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Old 07-14-2012, 07:31 AM
 
Location: Northern MN
3,869 posts, read 12,498,951 times
Reputation: 3540

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Moderator cut: I removed a deleted reference post from this post. Did not want to delete the comments of this post as they add to the discussion.

And your thinking is flawed.

Your big wide tires may let you float but they do not offer you better traction and wide tires are only good for floating over soft terrain. They are not better for 99% of trail riding

Your truck only weights so much and wide tires means you have less ground pressure per square inch, this= less traction.

Logic and experience tells me this it true.

bring those wide tires out in the snow and you will get stuck try to go up a little hill . The guy with narrow tires will go right up it.
the narrow tires will cut threw the snow to the ground where the traction is.

I have used both wide and narrow tires and narrow tires work better in the real world and you get better fuel mileage and you have more control on the highway. Wide tires easily hydroplane.

I have lifted a few trucks and jeeps but only 3-6in anything more usually does not add to the vehicles off road capabilities.

12in+ lifts with 44in+ tires are just for the ego. I've run circles around thoes rigs with my jeep and 32in tires.

I guess if you think running back and forth threw a mud hole is 4 wheeling then go ahead jack it way up over 12" and run the digest tires you can find.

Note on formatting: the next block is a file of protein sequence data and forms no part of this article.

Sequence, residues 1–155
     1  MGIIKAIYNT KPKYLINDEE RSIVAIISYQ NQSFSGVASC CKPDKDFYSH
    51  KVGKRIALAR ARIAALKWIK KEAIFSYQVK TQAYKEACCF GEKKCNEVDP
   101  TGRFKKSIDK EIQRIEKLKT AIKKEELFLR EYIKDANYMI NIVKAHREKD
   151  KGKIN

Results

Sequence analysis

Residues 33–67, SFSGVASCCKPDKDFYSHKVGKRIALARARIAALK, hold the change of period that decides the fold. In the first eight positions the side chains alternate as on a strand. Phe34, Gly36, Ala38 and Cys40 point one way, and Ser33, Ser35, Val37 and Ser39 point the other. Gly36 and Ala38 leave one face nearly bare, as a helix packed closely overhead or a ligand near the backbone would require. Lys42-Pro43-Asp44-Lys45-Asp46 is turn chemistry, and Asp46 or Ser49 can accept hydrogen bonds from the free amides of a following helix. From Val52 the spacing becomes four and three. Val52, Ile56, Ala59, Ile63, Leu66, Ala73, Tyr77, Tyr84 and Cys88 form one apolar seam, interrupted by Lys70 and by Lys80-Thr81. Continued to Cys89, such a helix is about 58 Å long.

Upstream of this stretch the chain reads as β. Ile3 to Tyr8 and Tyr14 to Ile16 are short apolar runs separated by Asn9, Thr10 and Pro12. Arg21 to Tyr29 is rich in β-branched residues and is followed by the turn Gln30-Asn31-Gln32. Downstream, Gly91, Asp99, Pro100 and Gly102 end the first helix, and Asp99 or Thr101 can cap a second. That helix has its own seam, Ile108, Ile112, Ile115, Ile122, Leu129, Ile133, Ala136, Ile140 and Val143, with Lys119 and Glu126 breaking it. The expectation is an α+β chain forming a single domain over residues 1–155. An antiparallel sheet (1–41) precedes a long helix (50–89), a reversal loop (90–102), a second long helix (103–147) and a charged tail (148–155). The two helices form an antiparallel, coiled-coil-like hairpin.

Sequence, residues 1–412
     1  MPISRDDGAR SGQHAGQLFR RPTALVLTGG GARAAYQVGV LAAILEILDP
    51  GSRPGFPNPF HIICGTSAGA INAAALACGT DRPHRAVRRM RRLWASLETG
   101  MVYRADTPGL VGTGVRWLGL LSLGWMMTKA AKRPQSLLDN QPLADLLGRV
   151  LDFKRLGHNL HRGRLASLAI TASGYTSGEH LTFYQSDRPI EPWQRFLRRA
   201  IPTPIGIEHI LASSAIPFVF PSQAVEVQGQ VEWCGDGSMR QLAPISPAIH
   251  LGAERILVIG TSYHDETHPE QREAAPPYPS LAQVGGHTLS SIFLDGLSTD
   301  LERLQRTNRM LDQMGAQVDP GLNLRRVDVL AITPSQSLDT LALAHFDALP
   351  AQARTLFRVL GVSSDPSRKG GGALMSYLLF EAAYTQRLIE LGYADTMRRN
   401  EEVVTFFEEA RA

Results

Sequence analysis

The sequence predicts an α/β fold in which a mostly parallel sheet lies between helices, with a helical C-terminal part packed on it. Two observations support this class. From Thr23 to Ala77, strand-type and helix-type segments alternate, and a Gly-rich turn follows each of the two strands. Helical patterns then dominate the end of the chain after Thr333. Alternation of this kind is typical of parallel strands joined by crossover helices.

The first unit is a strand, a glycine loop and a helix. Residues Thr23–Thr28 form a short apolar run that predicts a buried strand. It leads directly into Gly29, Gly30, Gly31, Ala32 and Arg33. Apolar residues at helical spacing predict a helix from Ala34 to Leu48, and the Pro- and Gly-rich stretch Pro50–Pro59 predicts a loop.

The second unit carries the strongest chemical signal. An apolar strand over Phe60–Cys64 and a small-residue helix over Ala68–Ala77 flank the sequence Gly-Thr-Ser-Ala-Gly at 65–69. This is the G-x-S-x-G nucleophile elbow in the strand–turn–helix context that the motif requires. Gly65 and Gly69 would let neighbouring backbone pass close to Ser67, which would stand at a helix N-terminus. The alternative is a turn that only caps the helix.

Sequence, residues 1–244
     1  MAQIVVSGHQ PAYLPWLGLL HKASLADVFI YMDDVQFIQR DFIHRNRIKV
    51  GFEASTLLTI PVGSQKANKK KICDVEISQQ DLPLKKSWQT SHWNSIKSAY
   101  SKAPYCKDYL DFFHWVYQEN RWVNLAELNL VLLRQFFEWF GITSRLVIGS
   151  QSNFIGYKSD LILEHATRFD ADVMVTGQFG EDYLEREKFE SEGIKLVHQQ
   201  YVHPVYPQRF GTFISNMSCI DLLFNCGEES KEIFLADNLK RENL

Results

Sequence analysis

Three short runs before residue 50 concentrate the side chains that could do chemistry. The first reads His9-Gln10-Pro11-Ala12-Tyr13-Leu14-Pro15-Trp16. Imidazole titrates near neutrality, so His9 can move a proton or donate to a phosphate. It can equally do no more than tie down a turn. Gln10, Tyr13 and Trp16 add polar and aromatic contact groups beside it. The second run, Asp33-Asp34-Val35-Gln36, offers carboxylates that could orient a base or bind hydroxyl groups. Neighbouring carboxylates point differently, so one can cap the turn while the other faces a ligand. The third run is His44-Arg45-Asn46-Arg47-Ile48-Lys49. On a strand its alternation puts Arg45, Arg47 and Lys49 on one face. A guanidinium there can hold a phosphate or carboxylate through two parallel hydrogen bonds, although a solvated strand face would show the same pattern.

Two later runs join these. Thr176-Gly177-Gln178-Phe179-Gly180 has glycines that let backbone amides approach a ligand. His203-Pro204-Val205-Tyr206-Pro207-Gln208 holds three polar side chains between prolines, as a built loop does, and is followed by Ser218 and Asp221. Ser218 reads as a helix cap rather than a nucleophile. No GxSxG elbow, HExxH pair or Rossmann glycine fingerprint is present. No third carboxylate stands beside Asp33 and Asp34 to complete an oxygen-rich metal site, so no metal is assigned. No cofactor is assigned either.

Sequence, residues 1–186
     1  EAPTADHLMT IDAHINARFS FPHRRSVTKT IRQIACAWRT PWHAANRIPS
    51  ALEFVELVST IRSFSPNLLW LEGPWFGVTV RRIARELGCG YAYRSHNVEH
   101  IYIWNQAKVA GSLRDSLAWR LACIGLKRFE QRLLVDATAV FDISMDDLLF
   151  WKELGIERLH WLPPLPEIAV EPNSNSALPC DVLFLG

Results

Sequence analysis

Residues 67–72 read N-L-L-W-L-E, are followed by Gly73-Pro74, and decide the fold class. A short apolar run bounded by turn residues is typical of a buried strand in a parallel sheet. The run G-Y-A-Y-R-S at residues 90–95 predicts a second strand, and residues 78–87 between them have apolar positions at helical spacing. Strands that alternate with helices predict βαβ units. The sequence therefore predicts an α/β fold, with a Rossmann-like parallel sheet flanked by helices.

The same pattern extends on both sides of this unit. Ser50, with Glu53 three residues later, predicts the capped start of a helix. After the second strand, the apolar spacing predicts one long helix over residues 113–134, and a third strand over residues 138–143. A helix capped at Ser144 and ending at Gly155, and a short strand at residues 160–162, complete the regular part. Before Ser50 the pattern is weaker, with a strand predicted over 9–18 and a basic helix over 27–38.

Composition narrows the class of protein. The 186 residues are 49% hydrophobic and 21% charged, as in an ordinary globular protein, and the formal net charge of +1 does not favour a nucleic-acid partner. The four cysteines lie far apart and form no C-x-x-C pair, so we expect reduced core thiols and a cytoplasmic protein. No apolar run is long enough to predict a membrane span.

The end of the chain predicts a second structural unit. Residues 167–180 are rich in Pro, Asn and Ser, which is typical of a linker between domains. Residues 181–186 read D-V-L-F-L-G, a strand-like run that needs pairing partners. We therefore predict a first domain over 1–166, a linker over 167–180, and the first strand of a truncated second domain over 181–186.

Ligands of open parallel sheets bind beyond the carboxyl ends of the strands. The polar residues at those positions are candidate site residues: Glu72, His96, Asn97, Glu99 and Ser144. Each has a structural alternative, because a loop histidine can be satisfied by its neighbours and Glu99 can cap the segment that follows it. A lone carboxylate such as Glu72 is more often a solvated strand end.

That truck will falter and have some big problems on the read 4X4 trails.

Last edited by SOON2BNSURPRISE; 07-21-2012 at 03:21 AM..
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Old 07-14-2012, 09:07 AM
 
30,877 posts, read 24,200,485 times
Reputation: 17769
Quote:
Originally Posted by azriverfan. View Post
I really like trucks. To me a classy truck is something that looks like a truck not Big Foot. To me trucks shouldn't be raised. The classic working man's truck like the old Chevy and Ford trucks are really classy. When I see trucks that are raised, it reeks of low class.

Do any of you see raised trucks and non-raised trucks as two different vehicles?
no i dont think trucks are ruined when they are raised, to a point. with a 4x4, and nice three inch lift allows larger tires, and still give a reasonable ride on the street. what i object to is trucks that are lifted high enough that you need to make a force jump to get into the damn things.

of course it also depends on HOW the truck is raised as well. if you use lift blocks to get altitude, that is dangerous and low class. a proper lift kit on the other hand is not so bad.
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Old 07-14-2012, 10:19 AM
 
12,623 posts, read 12,065,272 times
Reputation: 17261
Quote:
Originally Posted by azriverfan. View Post
I really like trucks. To me a classy truck is something that looks like a truck not Big Foot. To me trucks shouldn't be raised. The classic working man's truck like the old Chevy and Ford trucks are really classy. When I see trucks that are raised, it reeks of low class.

Do any of you see raised trucks and non-raised trucks as two different vehicles?
Well, look at the early through mid-90's f-series; an f-350 towers above an f-150, is the person who buys the f-350 low class? Of course not, so I do not get where class has to do with how high a truck sits.

So, you need to define exactly what "raised" means, as out of the factory they are different heights depending on the model.
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Old 07-15-2012, 05:40 PM
 
Location: Wichita Falls Texas
999 posts, read 1,323,320 times
Reputation: 968